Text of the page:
Use this URL to cite or link to this record in EThOS: http://ethos.bl.uk/OrderDetails.do?uin=uk.bl.ethos.506871
Title: Studies of Electron Acceleration Mechanisms in Relativistic Laser-Plasma Interactions
Author: Nagel, Sabrina Roswitha
Awarding Body: Imperial College London
Current Institution: Imperial College London
Date of Award: 2009
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Abstract:
Laser-plasma interactions have many potential applications, such as medical treatments,x-ray generation, particle acceleration and inertial confinement fusion (ICF).In all of these applications, understanding how laser energy is absorbed by the materialand converted into energetic electrons is very important. Therefore it is vitalto enhance the understanding of how these energetic electrons are created and whatmechanisms influence them. This Thesis comprises experimental studies of electron acceleration mechanismsin laser-plasma interactions, as well as simulations relevant to these experiments. The experiments described were conducted at the Rutherford Appleton Laboratoryutilising the VULCAN laser facility, and investigate laser interactions with both underdenseand overdense plasmas. In the underdense regime, the intensity dependence of the accelerated electronshas been studied experimentally, as well as the impact of the focusing geometry onthe generation of hot electrons. For high intensities, experimental measurementsshow a scaling of the temperature of the electrons with a0. Density and f-numberdependencies of the accelerated electrons are also observed. The effect of laser polarisation and target thickness on the escaping electronsis studied for laser interactions with solid targets, or overdense plasmas. It wasfound that the effective temperature of the electrons depends on both the laserpolarisation and the target thickness. The electron production from ultra-thin foils,and the effect of laser pre-pulse are also investigated.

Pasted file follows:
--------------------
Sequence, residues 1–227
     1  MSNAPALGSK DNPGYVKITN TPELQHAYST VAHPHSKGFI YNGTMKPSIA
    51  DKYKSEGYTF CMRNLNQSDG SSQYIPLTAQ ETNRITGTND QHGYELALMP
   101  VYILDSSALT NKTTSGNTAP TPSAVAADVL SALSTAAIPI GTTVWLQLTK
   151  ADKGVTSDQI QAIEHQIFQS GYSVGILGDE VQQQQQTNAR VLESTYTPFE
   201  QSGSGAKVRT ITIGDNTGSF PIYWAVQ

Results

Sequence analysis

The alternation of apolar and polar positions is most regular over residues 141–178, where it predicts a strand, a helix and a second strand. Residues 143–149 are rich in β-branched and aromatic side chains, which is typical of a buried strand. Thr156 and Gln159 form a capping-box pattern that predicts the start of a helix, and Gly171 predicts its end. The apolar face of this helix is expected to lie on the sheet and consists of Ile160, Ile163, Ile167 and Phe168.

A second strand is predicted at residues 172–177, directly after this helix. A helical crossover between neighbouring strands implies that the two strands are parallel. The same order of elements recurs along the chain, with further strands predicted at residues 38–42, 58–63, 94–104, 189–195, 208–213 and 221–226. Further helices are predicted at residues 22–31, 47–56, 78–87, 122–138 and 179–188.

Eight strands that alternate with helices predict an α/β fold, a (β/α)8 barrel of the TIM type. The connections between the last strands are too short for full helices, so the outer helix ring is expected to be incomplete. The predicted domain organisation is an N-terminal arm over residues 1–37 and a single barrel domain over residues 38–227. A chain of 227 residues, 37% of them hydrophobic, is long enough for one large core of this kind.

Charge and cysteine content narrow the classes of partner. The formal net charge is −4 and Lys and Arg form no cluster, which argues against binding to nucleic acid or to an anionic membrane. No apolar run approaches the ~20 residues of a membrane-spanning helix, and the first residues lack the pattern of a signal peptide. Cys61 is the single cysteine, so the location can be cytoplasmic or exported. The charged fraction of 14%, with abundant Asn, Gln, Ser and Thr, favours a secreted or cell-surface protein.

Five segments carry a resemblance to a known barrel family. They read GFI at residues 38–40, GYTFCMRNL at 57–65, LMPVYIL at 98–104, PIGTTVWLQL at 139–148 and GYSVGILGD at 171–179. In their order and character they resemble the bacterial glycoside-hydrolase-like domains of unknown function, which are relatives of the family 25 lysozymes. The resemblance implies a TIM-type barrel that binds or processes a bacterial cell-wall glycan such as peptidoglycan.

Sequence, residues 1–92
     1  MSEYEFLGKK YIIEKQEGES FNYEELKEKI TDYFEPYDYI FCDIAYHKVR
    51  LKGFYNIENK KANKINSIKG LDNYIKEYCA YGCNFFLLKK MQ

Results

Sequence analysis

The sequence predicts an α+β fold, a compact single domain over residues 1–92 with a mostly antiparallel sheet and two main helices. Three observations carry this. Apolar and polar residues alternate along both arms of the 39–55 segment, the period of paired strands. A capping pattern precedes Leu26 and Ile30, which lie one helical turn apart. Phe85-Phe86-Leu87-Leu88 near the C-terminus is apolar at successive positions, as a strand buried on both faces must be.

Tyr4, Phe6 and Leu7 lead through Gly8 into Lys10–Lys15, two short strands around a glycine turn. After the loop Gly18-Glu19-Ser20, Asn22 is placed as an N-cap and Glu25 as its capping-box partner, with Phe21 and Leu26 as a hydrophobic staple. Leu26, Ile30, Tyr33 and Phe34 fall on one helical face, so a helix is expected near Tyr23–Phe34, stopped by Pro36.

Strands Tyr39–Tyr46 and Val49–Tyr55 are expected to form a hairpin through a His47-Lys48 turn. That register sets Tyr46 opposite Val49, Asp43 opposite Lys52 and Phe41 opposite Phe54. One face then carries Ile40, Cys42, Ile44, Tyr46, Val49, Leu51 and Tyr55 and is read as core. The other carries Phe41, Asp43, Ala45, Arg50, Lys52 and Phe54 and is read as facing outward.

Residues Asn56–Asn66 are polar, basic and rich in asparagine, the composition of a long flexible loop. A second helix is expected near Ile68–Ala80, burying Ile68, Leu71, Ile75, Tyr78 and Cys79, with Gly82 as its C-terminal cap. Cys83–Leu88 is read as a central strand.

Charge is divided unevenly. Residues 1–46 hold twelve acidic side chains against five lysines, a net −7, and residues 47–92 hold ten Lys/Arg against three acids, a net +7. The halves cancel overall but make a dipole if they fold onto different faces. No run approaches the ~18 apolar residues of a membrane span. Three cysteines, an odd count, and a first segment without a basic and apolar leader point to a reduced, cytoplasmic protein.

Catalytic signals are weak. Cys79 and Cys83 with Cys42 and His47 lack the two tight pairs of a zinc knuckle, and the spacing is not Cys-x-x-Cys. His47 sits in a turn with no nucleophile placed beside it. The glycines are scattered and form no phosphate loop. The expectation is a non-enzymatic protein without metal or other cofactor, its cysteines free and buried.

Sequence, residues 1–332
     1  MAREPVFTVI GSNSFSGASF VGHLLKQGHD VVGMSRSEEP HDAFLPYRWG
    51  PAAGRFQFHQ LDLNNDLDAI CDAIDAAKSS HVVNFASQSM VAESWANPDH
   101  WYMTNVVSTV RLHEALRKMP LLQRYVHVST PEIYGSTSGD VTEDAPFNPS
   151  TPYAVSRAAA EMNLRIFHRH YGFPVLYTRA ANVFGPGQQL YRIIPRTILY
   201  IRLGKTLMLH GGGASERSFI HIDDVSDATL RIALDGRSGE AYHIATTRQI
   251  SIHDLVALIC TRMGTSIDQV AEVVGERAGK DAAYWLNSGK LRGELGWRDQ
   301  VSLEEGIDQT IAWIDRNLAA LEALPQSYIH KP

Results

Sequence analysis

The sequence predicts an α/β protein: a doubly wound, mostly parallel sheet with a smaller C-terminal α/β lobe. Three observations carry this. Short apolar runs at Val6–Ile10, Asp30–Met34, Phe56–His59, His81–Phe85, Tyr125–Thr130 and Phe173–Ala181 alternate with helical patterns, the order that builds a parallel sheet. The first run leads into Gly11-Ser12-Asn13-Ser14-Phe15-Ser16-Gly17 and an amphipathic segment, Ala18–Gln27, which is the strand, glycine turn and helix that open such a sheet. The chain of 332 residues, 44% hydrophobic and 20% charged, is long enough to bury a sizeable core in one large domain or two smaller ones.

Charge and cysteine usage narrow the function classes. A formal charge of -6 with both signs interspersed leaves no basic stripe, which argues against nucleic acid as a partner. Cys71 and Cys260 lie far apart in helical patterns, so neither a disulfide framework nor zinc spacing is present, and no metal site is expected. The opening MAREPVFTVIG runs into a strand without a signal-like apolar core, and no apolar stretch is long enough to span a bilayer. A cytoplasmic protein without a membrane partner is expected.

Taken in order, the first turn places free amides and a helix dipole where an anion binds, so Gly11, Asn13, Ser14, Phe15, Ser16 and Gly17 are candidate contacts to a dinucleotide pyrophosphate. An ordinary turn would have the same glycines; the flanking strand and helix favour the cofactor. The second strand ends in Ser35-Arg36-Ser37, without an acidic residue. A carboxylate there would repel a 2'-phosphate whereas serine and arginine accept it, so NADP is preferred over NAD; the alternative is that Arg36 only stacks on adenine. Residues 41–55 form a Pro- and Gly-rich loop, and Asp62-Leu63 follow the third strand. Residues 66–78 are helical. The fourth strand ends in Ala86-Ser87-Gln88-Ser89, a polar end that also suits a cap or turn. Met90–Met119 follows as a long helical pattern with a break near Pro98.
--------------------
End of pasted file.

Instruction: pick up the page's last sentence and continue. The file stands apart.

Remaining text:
Supervisor: Krushelnick, Karl ; Najmudin, Zulfikar Sponsor: Not available
Qualification Name: Thesis (Ph.D.) Qualification Level: Doctoral
EThOS ID: uk.bl.ethos.506871  DOI: Not available
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